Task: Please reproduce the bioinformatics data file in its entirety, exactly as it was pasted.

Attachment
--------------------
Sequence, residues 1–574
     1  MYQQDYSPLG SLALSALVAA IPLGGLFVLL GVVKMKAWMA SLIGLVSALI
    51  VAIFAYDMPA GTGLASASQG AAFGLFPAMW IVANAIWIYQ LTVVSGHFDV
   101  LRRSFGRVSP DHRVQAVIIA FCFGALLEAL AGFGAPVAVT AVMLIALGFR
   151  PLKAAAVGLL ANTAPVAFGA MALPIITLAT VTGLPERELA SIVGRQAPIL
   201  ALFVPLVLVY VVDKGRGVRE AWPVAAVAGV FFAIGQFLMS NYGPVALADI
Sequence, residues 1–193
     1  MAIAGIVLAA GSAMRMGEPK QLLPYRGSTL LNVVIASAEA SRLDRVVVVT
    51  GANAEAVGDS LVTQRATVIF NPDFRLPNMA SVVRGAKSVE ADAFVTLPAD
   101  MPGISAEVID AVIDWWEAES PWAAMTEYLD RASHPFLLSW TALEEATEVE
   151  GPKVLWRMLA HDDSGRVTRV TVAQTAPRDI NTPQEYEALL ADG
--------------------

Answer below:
Sequence, residues 1–574
     1  MYQQDYSPLG SLALSALVAA IPLGGLFVLL GVVKMKAWMA SLIGLVSALI
    51  VAIFAYDMPA GTGLASASQG AAFGLFPAMW IVANAIWIYQ LTVVSGHFDV
   101  LRRSFGRVSP DHRVQAVIIA FCFGALLEAL AGFGAPVAVT AVMLIALGFR
   151  PLKAAAVGLL ANTAPVAFGA MALPIITLAT VTGLPERELA SIVGRQAPIL
   201  ALFVPLVLVY VVDKGRGVRE AWPVAAVAGV FFAIGQFLMS NYGPVALADI
Sequence, residues 1–193
     1  MAIAGIVLAA GSAMRMGEPK QLLPYRGSTL LNVVIASAEA SRLDRVVVVT
    51  GANAEAVGDS LVTQRATVIF NPDFRLPNMA SVVRGAKSVE ADAFVTLPAD
   101  MPGISAEVID AVIDWWEAES PWAAMTEYLD RASHPFLLSW TALEEATEVE
   151  GPKVLWRMLA HDDSGRVTRV TVAQTAPRDI NTPQEYEALL ADG